Free Writing

This week, I was lucky enough to have Julie Cameron write a guest blog post for me. In it, she talks about how useful free writing can be for writers.

Free-writing is a great way of clearing the mind – if you’re stuck, or if you just want to work out the clutter.  It can help you step away from your current writing project, and just let your mind wander.  If you find you keep sitting down to write that next scene, but can’t seem to get started, you may just need to clear the extra chatter in your head.

For those of you who have not heard of this exercise, it’s fairly simple.  You are prompted by a word or a phrase, and you write anything and everything that passes through your mind.  The point is that you just keep writing, even if you think it’s gibberish, and even if it’s riddled with typos and grammatical errors.

For example, say the phrase is: “A funny thing happened on my way to the forum…”  You can interpret that phrase any way you like and go from there.

You might write:

A funny thing happened on my way to the forum… I never got there, because I changed my mind and decided to go out for ice cream instead.

Or, suppose you decide you don’t even like the phrase, and don’t want anything to do with it:

A funny thing happened on my way to the forum… A priest, a rabbi, and a goat walk into a bar.

Either is acceptable, because there is no wrong answer!  The only thing you are responsible for, is writing down whatever comes to your mind.  That’s the beauty of this exercise.  And it may be surprising what comes out in the end.  You may not have realized that you still hold secret resentment toward your great Aunt Fanny for leaving her millions to a duck sanctuary instead of to you.  Or you may discover that you are a brilliant poet, and have a knack for traditional Japanese haiku.  Or it may just be as simple as getting “stuff” out of your mind so that you can move on to your Great American Novel.

This isn’t a new concept, people have been doing it for ages.  Julia Cameron (please note the “a” instead of the “e” at the end of her first name, which shows that no, she is not me, although I have started getting emails for her…) uses the exercise of writing Morning Pages in her book, The Artist’s Way as a tool to help keep the writer’s creativity flowing, which is basically free-writing without the use of a phrase to get you started.

Here are a few tips to help you get going:

1).  Keep a list of phrases:  Open a book, poem, email, post, etc. at random and point to a sentence.  Use that, or part of it, as your phrase to get you going.  Make a list and add to it whenever anyone says something that you like (or don’t like).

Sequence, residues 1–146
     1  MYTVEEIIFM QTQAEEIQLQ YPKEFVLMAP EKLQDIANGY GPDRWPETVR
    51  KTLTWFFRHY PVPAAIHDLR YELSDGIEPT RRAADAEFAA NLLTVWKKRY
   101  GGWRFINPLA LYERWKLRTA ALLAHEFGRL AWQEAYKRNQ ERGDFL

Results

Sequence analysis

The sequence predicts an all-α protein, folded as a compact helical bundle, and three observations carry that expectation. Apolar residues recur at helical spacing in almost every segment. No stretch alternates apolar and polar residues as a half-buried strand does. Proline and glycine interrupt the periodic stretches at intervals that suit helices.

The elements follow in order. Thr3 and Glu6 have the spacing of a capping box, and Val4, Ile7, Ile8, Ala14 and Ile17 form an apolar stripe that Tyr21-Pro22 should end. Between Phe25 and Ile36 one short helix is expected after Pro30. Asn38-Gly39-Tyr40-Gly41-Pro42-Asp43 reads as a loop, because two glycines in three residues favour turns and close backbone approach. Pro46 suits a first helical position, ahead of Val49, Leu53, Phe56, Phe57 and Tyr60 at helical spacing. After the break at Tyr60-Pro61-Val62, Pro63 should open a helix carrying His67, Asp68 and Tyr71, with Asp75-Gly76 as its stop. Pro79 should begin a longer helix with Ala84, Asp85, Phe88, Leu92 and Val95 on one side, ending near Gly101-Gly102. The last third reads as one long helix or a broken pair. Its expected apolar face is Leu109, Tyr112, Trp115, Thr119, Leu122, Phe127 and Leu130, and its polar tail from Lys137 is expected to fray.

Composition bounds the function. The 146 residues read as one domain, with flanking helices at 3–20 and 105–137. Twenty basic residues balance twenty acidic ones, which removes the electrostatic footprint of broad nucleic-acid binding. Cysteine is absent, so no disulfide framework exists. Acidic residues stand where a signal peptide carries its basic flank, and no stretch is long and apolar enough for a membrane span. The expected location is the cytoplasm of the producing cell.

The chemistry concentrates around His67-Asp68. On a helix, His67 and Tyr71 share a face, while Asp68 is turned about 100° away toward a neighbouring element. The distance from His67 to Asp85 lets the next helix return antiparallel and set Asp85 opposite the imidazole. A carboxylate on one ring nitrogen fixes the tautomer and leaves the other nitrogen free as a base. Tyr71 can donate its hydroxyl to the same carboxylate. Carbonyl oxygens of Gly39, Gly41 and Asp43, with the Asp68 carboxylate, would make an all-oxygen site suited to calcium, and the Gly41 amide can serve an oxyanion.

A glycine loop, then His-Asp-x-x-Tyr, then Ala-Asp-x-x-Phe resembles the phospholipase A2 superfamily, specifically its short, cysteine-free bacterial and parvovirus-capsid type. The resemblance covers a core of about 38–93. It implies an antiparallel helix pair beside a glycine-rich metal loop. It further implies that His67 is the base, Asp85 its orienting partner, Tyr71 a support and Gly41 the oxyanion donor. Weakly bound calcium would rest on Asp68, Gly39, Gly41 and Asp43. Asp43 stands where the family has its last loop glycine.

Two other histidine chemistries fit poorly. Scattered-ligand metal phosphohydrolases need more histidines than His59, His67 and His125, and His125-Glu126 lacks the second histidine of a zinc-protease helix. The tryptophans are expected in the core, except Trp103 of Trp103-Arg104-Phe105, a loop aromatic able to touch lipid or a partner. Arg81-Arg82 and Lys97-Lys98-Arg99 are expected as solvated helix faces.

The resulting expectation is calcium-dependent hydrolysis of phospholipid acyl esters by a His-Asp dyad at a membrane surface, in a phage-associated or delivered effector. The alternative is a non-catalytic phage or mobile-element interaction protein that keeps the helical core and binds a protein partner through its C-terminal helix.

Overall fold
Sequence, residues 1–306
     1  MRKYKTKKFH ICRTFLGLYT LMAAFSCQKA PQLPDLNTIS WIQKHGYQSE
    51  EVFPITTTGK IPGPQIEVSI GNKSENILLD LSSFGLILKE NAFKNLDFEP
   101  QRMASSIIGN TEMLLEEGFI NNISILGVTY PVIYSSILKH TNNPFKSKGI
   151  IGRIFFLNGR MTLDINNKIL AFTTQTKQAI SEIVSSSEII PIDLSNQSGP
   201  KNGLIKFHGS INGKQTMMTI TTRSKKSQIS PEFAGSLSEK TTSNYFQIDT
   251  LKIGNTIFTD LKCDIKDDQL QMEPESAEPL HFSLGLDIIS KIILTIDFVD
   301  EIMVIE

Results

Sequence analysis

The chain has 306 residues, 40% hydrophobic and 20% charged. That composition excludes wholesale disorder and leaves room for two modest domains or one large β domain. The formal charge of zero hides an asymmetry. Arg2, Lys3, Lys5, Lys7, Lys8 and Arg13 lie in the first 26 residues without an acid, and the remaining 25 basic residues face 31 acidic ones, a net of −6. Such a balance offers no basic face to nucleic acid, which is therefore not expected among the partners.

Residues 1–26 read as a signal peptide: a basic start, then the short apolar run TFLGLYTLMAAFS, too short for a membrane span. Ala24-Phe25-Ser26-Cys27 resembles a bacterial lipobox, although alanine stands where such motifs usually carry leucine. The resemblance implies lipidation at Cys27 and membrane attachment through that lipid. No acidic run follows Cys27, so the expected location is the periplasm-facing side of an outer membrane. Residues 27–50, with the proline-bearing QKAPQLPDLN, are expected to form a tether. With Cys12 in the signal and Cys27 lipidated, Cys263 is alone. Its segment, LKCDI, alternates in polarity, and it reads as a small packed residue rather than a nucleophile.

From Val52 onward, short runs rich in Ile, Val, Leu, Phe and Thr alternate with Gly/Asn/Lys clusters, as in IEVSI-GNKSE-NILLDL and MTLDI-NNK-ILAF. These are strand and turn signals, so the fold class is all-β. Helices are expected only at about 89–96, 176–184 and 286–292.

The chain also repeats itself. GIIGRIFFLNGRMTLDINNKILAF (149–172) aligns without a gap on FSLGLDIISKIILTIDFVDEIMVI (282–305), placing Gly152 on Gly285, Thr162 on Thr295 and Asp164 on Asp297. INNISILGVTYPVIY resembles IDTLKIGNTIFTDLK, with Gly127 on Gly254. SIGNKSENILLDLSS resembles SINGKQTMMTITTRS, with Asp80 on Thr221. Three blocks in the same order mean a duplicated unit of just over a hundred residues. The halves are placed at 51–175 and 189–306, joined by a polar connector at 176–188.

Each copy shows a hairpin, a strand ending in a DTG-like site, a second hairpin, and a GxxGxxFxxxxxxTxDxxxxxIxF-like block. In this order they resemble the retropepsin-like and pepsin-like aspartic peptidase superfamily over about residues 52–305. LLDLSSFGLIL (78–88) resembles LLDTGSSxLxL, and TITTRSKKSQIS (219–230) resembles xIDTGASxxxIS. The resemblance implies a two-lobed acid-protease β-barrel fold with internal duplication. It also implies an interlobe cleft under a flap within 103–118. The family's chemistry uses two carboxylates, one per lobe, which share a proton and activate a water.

2).  Set a time limit:  Give yourself a set amount of time for each phrase.  Don’t just keep writing if the time is up, and don’t just quit if the time hasn’t finished (I have been known to write about how much my hand hurts from writing long-hand when I run out of things to write about the phrase).

3).  Use a pen and paper:  Many of us (by “us,” I really mean, “me”) would rather use the computer to do free-writing, but it is actually more beneficial to do it long-hand.  (There are many spiritual and scientific reasons having to do with the heart and the hand and the head, but to be honest, I kind of stopped listening at that part.  You can go out and search yourself if you feel it’s important, but I just went on faith that the instructor knew what she was talking about.)

4).  Don’t correct yourself:  This is very important.  Do not make any changes as you go through your writing.  Don’t worry about how you are writing – grammar, spelling, punctuation – none of it matters.  Just go with the flow, and get it down on paper.

Free-writing can be done on your own, in the comfort and privacy of your own space.  But consider expanding yourself and doing it with a group or in a class.  It takes some courage to read aloud what you wrote, but it will also give you great feedback on what you’ve written, and what’s behind it all.

Sometimes, what we write, isn’t what we think.  And sometimes what we thought, isn’t what we wrote.

Think about it.

Julie Cameron is an author and screenwriter of humorous women’s fiction, living in Denver, Colorado.  Her first book Christmas Spirit, which is also a screenplay by the same name, is the first of the Landon Literary series, and was published in November, 2015.  Julie was thrilled to recently discover that ‘Christmas Spirit’ is currently a finalist in two categories with the Colorado Romance Writers 2016 Excellence Awards contestShe enjoys connecting with her readers, and invites you to visit her website: http://www.juliecameron.net and to follow her on Facebook: Julie-Cameron-Writer